Things are going to get messy: new rituals can help

May 2nd, 2022

Across our connection, many United Methodists are engaging in conversations about the future of the denomination. Some conversations are formal, some informal, some heated, some even-keeled, but most are imbued with an existential anxiety of what might be. 

The United Methodist Church is a spiritual home for all people, and because we are a "big tent" denomination, we find more space for wide-ranging convictions.[1] While I believe pluriformity in the widest sense is our strength, our methods for engaging diverse thoughts and convictions could benefit from the Holy Spirit's refining work.

With the recent launch of the Global Methodist Church on May 1st and the forthcoming Annual Conference season of the UMC this summer, it is an understatement to suggest that things might get messy. I'm already imagining the passionate speeches, the unsettling rebukes, and the strained friendships. I wish these scenarios didn't come to mind, but Christian Conferencing has not been our strong suit as of late—even if it is a means of grace.

Difficult conversations are not new to small groups, churches, annual conferences, or general conferences. However, we have insufficient examples in The United Methodist Book of Worship for grappling with difficult conversations on a corporate level. The "Acts of Congregational Centering" (BOW, 470-473) may prove helpful to some, but these acts do not acknowledge situations where tension could be cut with the proverbial knife.

This is where new rituals come in. As United Methodists, we are in a season where we need ritual moments (rites) that frame important and/or contentious conversations. Ritual theorist Ronald Grimes offers a helpful definition of what rites might do for us: "Rites are choreographed actions; they exist in the moments of their enactment and then disappear. When effective, their traces remain—in the heart, in the memory, in the mind, in texts, in photographs, in descriptions, in social values, and in the marrow, the source of our lifeblood."[2]

What if leaders across our connection—clergy and lay—crafted rituals to help their contexts move through difficult conversations effectively? For us United Methodists, perhaps this "effectiveness" could be measured by John Wesley's hopes for Christian Conferencing: words that are rightly ordered, grace-filled, seasoned with salt, ministering grace to hearers, well-timed and planned, and soaked in prayer.[3]

The time is now to plan ahead. 

Bishops: empower your cabinet, staff, and planning teams to create rituals for impending difficult moments. Pastors and lay leaders: have conversations about how you will approach contentious conversations in your churches. Create liturgies and ritual moments that make sense for your context.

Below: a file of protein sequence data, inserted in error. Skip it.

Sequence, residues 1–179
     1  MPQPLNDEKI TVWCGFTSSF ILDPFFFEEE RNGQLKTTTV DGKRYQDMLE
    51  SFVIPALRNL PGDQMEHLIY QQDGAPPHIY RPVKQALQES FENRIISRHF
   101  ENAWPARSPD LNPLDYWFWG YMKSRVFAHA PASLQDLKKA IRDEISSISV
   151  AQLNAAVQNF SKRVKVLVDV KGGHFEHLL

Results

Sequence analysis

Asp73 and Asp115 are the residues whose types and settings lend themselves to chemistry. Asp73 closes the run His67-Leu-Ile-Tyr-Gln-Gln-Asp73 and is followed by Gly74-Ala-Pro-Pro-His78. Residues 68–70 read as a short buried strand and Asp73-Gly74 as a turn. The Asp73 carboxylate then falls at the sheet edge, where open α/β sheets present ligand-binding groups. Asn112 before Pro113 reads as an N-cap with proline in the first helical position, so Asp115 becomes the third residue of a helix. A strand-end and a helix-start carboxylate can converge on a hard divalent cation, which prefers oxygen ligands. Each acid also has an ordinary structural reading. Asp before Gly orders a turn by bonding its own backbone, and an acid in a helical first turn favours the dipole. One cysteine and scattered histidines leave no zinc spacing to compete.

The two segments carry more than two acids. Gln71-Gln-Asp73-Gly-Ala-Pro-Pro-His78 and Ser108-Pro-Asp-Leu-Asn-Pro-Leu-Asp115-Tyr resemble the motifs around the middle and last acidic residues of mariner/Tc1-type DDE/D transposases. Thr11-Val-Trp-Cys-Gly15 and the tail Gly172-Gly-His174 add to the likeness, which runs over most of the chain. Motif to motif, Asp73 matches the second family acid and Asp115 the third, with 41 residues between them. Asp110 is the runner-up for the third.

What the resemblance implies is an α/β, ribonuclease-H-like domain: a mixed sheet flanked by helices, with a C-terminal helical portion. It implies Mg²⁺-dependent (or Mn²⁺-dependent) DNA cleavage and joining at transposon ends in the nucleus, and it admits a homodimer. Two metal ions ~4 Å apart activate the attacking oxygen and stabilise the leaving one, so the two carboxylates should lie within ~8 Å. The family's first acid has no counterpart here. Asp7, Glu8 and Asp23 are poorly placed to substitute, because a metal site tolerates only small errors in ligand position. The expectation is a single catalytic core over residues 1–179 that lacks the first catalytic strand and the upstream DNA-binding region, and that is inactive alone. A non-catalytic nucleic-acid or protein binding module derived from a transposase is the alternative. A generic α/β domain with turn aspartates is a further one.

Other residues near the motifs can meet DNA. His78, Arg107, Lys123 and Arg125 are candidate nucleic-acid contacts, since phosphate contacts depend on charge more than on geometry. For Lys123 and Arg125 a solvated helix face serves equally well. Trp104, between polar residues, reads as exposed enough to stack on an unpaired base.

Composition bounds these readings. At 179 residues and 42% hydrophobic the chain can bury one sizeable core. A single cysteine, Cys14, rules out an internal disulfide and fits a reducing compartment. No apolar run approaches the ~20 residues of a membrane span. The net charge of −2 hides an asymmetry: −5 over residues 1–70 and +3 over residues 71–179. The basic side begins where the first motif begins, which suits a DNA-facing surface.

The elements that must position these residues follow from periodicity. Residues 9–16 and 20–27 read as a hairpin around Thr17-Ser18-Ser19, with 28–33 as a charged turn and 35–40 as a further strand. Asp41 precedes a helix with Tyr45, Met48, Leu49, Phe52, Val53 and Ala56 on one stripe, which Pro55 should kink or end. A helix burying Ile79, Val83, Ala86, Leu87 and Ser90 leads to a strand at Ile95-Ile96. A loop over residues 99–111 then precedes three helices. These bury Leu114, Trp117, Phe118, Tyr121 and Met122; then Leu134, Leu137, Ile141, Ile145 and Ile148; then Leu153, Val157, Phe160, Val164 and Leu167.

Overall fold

Planning for these moments does not have to be laborious, but it should be intentional. From leading a centering song such as “Spirit of the Living God” (UMH 393), to encouraging a communal breath prayer, to invoking the presence of the Holy Spirit, use the tools at your disposal that make sense for inevitable moments of tension.[4]

Annual Conference season is coming. Special, called church conferences will be proliferating. Difficult conversations will not be going away. Let us shepherd these moments with ritual words and actions that help us move through them with grace, tact, and faithfulness to the reconciling work of the Holy Spirit.

Below, I provide a brief example of how one might employ ritual to address a contentious moment at an Annual Conference session.



Setting the scene: A plenary voting session of Annual Conference. The delegates are discussing a resolution that has divided the gathered assembly. We have heard one speech "for," and one speech "against," both offered with conviction. There have been audible signs of dissension and the room feels heavy. 

The presider may share why they are calling for this liturgy of resetting, then direct worshippers to the liturgy, on screen and/or printed..

One: The Lord is in his* holy temple;

ALL: Let all the earth keep silence before the Lord!

Silence is observed by all.

One: Let us pray,

ALL: Let the words of our mouths 
and the meditations of our hearts 
be acceptable in Your sight, 
O Lord, our strength, 
and our redeemer. Amen. 

*One might also consider the singular "their" here.


[1] For more on United Methodism as a "big tent" of generous orthodoxy, see Bishop Ken Carter's book, Embracing the Wideness: The Shared Convictions of The United Methodist Church (Nashville: Abingdon Press, 2018).

[2] Ronald Grimes, Deeply into the Bone: Re-inventing Rites of Passage (Berkeley: University of California Press, 2000), 7. (emphasis mine)

[3] "Are we convinced how important and how difficult it is to order our conversation right? Is it always in grace? Seasoned with salt? Meet to minister grace to the hearers? Do we not converse too long at a time? Is not an hour at a time commonly enough? Would it not be well to plan our conversation beforehand? To pray before and after it?" See, “The Bicentennial Edition of the Works of John Wesley,” vol. 10 “The Methodist Societies: The Minutes of Conference,” 856-857. Quoted from Kevin Watson, "Christian Conferencing as a Means of Grace," It must also be noted that, historically speaking, John Wesley's comments about Christian Conferencing are most directly applicable for class meetings. However, this does not preclude one from adapting these remarks for Methodist gatherings of a larger setting.

[4] You could try a breath-prayer version of the Jesus prayer, i.e., inhale: “Lord Jesus Christ, Son of God”; exhale: “Have mercy on me.” For more possibilities, check out Sarah Bessey’s recommendations at

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